So even as a med student, you’re entrusted with so many personal stories and so many real raw emotions. It was seeing who is there for you when you’re in hospital, who actually comes for you when your health has gone—the one thing that we all take for granted. I told a very specific story about a patient I’d met, and then she helped me bring it to life. So, that song’s really important to me, and writing it was really special, because vocally I feel like I can really let everything out, and really let that emotion come through; but lyrically I feel it really says exactly what I wanted it to say.

AllHipHop.com:  As evidenced by your introduction and appreciation to different genres, your artistry and style are very hard to categorize — compared to American mainstream artists who are placed in an identifiable box. When I listen to your work, I hear elements of Gospel, jazz, and contemporary R&B. Following in the footsteps of Amy Winehouse and Adele, both of whom have had a tremendous amount of success in the States and abroad, what lessons have you learned from their marketing and promotional campaigns?

Emeli Sandé:  Well, I love Gospel. Gospel is one of the first types of music that really moved me as a kid, hearing all those harmonies. Gospel is a big part of what I do, definitely. But yeah, that’s something I definitely noticed here in the States. In the U.K., you put music out, and if it’s different, then it’s a lot less important to categorize what it is, because we don’t have a big R&B station or anything like that. There’s just Radio 1, and it plays just anything that people are feeling. Over here, I definitely notice there’s much more of a need to be categorized into one thing or the other. I don’t really know what I could be put under! [laughing]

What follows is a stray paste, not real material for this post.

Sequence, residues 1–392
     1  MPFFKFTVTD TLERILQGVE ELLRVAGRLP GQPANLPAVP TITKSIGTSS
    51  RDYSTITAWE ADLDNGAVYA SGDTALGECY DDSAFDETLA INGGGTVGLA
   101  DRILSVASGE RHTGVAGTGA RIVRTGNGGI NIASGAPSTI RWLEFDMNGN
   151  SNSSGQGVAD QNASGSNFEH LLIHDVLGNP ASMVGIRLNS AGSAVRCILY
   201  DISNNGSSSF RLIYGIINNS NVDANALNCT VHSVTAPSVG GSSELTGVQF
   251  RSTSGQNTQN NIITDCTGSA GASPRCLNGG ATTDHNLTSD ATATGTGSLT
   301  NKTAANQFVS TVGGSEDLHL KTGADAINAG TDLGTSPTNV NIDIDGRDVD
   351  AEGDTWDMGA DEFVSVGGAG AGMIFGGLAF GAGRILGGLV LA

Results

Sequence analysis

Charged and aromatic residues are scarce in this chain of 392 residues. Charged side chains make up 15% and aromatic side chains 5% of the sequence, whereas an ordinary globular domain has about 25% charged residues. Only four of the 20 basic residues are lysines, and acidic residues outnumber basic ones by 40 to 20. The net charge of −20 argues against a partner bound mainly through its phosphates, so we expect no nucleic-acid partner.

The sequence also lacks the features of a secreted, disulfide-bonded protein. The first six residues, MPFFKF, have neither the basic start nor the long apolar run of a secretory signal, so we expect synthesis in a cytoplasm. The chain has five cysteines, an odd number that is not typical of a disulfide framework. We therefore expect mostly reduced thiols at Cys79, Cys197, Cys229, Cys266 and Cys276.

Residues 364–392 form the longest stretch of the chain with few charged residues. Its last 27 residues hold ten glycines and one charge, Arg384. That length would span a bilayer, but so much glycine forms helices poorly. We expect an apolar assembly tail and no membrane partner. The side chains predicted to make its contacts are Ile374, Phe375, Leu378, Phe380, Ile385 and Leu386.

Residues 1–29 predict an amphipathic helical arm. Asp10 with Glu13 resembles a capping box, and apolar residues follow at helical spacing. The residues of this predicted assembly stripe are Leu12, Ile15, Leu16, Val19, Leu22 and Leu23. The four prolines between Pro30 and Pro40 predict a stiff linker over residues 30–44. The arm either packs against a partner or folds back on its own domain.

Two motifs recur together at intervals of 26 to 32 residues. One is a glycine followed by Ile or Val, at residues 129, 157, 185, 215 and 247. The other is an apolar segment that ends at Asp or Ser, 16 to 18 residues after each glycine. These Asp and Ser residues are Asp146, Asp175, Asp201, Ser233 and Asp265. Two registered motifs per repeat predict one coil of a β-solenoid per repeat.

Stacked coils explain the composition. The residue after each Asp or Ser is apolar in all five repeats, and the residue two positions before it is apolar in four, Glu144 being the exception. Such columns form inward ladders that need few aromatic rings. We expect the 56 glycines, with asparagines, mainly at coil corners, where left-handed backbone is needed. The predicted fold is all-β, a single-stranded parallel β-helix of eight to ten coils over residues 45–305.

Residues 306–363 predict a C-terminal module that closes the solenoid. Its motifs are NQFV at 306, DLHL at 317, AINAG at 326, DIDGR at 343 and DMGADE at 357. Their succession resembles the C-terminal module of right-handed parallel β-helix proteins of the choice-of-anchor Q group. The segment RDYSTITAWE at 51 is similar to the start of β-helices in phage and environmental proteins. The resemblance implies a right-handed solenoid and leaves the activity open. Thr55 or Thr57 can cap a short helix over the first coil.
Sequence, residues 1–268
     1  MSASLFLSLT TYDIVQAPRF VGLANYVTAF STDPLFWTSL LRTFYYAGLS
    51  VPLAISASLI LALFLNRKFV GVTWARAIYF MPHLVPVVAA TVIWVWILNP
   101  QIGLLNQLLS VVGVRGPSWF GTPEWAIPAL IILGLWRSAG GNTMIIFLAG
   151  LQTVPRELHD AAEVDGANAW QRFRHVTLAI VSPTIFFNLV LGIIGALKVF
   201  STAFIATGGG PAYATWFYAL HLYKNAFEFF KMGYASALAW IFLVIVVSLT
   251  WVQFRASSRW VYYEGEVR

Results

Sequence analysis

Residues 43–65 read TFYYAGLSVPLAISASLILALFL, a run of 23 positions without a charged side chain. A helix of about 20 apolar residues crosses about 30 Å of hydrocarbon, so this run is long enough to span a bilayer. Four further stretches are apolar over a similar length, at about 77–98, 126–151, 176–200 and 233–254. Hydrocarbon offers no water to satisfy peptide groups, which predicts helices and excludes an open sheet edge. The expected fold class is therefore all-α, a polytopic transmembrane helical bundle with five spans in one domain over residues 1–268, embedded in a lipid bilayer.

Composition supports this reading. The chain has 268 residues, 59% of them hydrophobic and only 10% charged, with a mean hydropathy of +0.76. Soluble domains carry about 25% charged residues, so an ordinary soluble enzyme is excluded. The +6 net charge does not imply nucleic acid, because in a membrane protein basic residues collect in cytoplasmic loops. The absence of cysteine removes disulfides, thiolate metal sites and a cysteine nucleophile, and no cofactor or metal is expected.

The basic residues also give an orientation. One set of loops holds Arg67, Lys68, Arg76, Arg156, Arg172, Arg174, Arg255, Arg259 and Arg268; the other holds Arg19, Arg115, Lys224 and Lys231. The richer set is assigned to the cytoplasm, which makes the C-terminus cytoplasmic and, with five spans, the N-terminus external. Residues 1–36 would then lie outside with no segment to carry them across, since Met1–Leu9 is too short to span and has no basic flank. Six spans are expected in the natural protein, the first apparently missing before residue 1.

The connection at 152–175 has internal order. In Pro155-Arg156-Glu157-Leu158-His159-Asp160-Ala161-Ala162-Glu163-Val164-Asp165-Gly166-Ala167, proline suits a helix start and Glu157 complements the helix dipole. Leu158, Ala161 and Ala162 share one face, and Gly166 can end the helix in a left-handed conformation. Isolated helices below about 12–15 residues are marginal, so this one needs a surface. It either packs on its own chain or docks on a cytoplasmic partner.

AllHipHop.com:  I think that’s a good thing! [laughing]

Emeli Sandé:  How it’s going to affect the kind of music that comes over here, I’m not sure. I’m just going to approach it the same way I did in the U.K., and hopefully with patience and perseverance people will go beyond trying to box it and will just listen to the content. But yes, my God, I’m a massive fan. Amy Winehouse’s music for me is so special, and I think she is one of the best things to come out of the U.K. for years and years. I remember when she first came out, she was just a jazz artist. I remember her first album. I loved the freedom she had. I think following in those types of footsteps and just having that freedom and creating something that I love, first off; then hopefully I can just allow it to connect with people without tagging it to anything.

AllHipHop.com:  Now that your professional life has kicked into overdrive following your Olympic performances, what do you do in your downtime to relax?

Emeli Sandé:  I’m trying to stop doing this – because I always end up realizing that I’m working – but I love sitting and playing at the piano. It’s just so therapeutic for me. I usually end up playing an instrument. Then I’m like: “I’m working again!” [laughing] I need to find time that I’m just not doing that. I love watching films and hanging out with my family and my friends. But at some point, I always end up at the piano. It’s in me, and it’s the way I relax. I guess playing stuff that’s so different from my genre of music; playing classical or playing the cello. I think that’s the way forward.

For more information on Emeli Sande, visit her official website.

For more of Clayton Perry’s “views” and interviews, browse his “digital archive” – www.claytonperry.com – and follow him on Twitter (@crperry84).